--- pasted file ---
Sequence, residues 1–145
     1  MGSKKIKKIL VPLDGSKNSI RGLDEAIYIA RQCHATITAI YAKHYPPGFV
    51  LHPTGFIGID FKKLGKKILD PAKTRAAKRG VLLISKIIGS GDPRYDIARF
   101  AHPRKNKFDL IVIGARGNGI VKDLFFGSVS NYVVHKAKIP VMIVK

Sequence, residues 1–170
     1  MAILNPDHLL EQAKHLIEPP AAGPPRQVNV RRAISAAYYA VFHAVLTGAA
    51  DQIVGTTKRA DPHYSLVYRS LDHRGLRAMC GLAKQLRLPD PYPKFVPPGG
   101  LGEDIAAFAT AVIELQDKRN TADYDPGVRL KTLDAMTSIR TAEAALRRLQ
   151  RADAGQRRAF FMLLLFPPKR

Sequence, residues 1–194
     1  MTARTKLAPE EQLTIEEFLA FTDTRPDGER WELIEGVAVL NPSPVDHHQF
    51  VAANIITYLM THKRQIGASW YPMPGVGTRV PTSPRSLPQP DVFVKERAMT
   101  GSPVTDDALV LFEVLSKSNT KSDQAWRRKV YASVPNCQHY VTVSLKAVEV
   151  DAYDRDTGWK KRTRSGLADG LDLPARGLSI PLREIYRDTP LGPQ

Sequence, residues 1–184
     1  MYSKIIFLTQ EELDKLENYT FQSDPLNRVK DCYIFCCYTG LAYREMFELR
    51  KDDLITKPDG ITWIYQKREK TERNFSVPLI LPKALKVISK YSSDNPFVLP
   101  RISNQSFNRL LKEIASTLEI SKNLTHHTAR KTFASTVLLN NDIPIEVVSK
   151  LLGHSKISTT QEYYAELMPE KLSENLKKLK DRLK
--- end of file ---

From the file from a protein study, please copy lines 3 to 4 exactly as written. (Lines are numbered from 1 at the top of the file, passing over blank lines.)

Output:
    51  LHPTGFIGID FKKLGKKILD PAKTRAAKRG VLLISKIIGS GDPRYDIARF
   101  AHPRKNKFDL IVIGARGNGI VKDLFFGSVS NYVVHKAKIP VMIVK